Locals outraged at loss of historic Welwyn Garden City pub

PUBLISHED: 09:43 01 July 2016 | UPDATED: 14:13 01 July 2016

Regulars outside The Beehive after it closed for conversion

Regulars outside The Beehive after it closed for conversion

Archant

Heart-broken locals are devastated at the loss of one of Welwyn Garden City’s oldest and best-known pubs, which has been closed for conversion into a restaurant.

Drinkers who have socialised in The Beehive in Beehive Lane for nearly 40 years have bitterly condemned the closure by leaseholder InnBritain.

Ben Cooper, 31, who lives in the Howlands area, said: “For 300 years this has been a traditional, historic public house, which many regulars have frequented for the best part of 40 years.

“My grandparents drank there, my parents drank there, and I had my first pint there on my 18th birthday.

“This is a despicable tactic employed by crass businessmen with no respect for the history and nostalgia of Welwyn Garden City’s last true pub.”

Jamie Frost of Salibury Village, 42, who grew up near The Beehive and has been a regular more than 20 years,

said: “It is a lovely old building, and a mainstay of the community.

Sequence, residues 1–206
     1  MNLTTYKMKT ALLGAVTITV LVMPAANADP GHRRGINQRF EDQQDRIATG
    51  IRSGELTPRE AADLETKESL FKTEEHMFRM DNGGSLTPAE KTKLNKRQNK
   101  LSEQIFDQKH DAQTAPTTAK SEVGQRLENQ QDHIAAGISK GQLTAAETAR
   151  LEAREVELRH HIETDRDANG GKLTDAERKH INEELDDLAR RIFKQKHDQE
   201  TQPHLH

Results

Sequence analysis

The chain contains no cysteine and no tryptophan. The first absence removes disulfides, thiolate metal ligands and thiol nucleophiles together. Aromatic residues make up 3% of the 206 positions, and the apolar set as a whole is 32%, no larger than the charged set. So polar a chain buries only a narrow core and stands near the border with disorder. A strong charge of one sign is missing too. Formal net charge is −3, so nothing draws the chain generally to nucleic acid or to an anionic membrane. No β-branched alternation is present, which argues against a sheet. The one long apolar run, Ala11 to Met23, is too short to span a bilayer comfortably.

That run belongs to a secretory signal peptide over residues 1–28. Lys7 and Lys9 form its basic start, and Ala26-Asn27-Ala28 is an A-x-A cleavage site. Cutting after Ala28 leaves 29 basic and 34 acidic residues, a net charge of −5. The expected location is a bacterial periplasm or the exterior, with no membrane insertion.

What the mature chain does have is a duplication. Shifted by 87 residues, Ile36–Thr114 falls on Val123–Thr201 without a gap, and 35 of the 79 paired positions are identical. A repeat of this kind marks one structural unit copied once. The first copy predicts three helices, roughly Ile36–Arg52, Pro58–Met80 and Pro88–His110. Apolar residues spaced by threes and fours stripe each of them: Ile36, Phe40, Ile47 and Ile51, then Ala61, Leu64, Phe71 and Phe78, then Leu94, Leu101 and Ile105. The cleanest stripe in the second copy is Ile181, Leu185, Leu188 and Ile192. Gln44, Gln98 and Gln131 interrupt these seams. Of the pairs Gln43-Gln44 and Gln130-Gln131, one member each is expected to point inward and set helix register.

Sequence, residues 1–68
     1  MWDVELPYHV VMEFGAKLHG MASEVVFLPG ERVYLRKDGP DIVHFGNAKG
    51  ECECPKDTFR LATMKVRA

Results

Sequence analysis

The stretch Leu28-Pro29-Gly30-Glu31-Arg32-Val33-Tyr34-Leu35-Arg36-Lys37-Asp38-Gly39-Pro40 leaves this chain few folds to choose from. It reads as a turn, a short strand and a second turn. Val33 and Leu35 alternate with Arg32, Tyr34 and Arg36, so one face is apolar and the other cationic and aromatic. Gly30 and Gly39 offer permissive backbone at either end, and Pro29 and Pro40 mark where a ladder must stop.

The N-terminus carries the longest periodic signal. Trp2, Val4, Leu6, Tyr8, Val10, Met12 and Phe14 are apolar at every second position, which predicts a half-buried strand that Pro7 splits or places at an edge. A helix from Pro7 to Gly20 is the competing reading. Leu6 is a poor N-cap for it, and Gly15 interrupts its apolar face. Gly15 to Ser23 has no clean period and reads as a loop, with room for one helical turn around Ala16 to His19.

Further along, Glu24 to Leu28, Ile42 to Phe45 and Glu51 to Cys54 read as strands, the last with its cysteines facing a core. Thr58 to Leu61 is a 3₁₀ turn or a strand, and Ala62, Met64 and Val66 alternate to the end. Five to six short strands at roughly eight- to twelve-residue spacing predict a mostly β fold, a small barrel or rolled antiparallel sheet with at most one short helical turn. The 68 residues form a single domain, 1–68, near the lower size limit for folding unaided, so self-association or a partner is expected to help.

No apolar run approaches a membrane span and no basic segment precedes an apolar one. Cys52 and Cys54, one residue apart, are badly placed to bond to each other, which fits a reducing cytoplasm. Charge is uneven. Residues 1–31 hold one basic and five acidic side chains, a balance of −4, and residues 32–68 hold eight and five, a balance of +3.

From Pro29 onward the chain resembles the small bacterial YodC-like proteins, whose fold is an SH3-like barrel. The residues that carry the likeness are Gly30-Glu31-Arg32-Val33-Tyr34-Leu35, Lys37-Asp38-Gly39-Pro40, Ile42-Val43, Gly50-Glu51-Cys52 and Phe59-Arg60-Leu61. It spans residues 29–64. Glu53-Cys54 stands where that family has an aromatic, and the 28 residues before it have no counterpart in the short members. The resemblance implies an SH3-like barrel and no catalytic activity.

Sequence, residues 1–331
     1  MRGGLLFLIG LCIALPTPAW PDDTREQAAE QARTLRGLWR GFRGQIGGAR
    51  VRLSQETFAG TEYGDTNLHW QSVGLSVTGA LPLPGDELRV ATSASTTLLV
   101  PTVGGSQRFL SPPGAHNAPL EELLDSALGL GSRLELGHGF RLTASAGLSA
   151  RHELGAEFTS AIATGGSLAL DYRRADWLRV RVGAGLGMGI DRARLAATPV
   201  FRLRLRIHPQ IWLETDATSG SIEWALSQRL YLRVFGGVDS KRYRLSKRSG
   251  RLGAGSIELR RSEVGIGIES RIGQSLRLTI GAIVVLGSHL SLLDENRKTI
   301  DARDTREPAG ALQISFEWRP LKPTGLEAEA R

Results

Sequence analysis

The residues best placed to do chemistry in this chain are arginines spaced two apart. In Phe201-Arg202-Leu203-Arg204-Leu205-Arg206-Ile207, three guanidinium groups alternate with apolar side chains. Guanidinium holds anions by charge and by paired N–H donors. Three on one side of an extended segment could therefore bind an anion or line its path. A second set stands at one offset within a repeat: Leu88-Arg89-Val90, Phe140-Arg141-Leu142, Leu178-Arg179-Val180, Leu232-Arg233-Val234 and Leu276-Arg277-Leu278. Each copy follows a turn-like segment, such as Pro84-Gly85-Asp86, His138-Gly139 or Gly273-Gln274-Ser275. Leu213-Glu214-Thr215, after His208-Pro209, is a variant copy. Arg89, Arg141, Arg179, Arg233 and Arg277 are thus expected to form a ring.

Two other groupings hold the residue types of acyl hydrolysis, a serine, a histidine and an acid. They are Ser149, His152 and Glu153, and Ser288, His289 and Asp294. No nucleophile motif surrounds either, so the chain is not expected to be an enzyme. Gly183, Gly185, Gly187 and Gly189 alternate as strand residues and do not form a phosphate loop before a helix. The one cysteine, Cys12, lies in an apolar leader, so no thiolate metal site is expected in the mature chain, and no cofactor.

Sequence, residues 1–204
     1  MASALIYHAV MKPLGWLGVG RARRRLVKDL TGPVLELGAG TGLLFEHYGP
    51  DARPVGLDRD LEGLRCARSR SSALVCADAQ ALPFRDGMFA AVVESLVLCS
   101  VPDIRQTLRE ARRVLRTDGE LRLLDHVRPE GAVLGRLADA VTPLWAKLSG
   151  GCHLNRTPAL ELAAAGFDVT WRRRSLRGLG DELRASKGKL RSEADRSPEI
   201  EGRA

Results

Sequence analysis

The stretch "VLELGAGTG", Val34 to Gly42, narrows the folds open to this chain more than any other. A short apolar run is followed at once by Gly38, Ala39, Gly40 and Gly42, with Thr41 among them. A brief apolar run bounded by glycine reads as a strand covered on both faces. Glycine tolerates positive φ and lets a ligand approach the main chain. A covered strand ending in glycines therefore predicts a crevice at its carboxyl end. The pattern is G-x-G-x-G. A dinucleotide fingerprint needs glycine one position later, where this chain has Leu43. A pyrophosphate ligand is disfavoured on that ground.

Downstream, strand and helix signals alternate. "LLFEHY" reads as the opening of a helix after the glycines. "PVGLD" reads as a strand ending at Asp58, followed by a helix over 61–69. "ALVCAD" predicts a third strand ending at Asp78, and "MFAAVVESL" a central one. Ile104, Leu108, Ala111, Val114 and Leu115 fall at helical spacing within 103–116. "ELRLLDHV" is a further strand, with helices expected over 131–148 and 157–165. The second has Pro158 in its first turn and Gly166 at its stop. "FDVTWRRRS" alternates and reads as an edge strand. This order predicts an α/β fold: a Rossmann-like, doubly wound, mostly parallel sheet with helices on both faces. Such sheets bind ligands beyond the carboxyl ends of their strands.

“It is a meeting point for people young and old. They have not considered the effect on the community.”

The freehold of the 1790s pub belongs to the Wells & Young’s brewery. but InnBritain took out a ten-year lease in late 2014.

Chief executive Jason Tudor told the Welwyn Hatfield Times he had invested £200,000 into the pub over 18 months, but it was still losing about £4,000 a week in its final months.

He said: “I am sorry for locals who have drunk there for many years, but the market has changed. I can’t pay 20 staff and cover all the overheads just by pulling pints any more.

“We have had some lovely locals, but there have been other customers who have caused us problems, and the police have had to be called on some occasions, which is certainly not what we are aiming at.

“I spoke to every member of staff personally, and apart from two who had been with us less than two years, they were all offered positions in our other establishments.

“Of about 20 staff, at least 13 accepted this offer, and several are now working in Hemel Hempstead.”

He plans to open the building in late August as either a “high-end steaknouse”, or a specialist seafood restaurant.

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